Cost Benefit Analysis
rating: 0+x

Decision Making Techniques

  • Break Even Analysis
  • Differential Cost Analysis
  • Cost Estimation
    • With probabilities and sensitivity analysis
    • With learning curve

Break Even Analysis

  • this technique uses projections of costs, revenues, contributions, and appropriations to determine the level of operation where total costs are equal to total revenues.
  • It is called break even because the point of intersection between total cost and total revenue is the break even point because there is neither a loss nor a profit.
  • Formula for break even point:
  • break even point = fixed cost dollars/selling price (per unit)-variable cost
  • or break even point = fixed cost dollars/contribution margin per unit
  • Example of selling book bags to patrons
  • Cost from supplier is $12
  • Library will purchase 300 bags, nonreturnable
  • Library will sell them for $15 each.
  • How many to sell to break even
  • =$12 x 300/$15 = 240 bags
  • Limitations:
    • distinguishing between fixed and variable costs
    • fixed costs and time period under analysis; fixed costs may not remain constant over the long term

Differential Cost Analysis

  • Like Break Even, uses projected cost information to make decisions
  • Unlike Break Even, manager is only concerned with costs that change when faced with making a choice between two alternatives
  • Usually with short term projects, so present value calculations not relevant
  • Only cash costs between alternatives considered
  • Both fixed and variable costs can change between alternatives
  • Data are not “hard” data but projections developed by managers and vendors
  • Examples
  1. whether to develop a new asset within the library or purchase it from an outside vendor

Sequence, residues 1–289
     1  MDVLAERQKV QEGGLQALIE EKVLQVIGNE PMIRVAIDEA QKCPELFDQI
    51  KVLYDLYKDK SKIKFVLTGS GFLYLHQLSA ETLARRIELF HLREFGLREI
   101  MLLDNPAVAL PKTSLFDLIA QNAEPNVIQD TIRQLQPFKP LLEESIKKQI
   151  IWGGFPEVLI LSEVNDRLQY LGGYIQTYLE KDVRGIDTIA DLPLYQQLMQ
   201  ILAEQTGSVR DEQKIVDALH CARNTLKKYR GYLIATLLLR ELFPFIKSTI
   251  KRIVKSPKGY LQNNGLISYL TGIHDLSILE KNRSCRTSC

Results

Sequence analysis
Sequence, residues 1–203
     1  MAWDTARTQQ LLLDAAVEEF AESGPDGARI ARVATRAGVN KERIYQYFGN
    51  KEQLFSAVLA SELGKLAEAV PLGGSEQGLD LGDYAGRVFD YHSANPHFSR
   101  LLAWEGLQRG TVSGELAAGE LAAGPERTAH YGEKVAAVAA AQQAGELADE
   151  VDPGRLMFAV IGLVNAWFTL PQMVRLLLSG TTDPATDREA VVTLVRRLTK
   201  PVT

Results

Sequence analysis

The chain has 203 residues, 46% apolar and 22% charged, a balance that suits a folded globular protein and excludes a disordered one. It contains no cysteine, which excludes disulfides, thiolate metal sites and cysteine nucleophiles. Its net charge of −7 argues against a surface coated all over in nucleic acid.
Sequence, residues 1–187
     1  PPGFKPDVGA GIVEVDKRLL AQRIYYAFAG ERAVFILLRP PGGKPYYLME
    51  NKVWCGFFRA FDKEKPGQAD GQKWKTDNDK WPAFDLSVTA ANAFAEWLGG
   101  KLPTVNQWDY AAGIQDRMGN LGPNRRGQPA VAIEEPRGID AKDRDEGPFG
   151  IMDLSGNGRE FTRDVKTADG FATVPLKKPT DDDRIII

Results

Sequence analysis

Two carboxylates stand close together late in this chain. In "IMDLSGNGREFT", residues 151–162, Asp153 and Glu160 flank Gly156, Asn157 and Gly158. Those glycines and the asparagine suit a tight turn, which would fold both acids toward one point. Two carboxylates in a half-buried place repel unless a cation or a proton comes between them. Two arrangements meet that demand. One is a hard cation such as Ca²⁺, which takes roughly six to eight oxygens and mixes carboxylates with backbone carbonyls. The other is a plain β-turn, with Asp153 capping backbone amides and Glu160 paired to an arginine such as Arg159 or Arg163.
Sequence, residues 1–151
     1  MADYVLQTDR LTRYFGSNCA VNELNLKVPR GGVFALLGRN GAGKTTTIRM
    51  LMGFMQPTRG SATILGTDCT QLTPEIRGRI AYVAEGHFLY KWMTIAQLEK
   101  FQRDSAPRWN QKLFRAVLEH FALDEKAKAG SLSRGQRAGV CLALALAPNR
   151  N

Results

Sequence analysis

2. replacement of equipment

Cost Estimation

  • With Probabilities and Sensitivity Analysis
  • Subjective probability – estimated by individual manager
  • Empirical probability – calculated through sampling or count of activities; probability then calculated based on the frequency of past occurrence of these counted activities
    • Example is selling library T shirts in different sizes and estimating how many of each size would be needed.
  • With Learning Curve – based on pilot of how long it takes an employee to carry out a task
    • Assumes that first time you carry out a task you are inefficient
    • As you continue to perform it you discover efficiencies and short cuts
    • Several iterations are measured and calculation is made to determine how long it will take to reach an expected standard rate of performing a task.
    • The learning curve shows the relationship between the amount of time required to complete a task and the cumulative amount of items that are produced. It is a measure of efficiency.
    • Most directly applicable to technical type activities such as cataloging, maintaining the catalog, processing digital files.
    • The learning curve allows a manager to determine how many hours it should take to complete a repetitive activity.
    • Caveat: Always clarify whether you are dealing with an estimate or “hard data.” If an estimate, always find out how it was determined.
Add a New Comment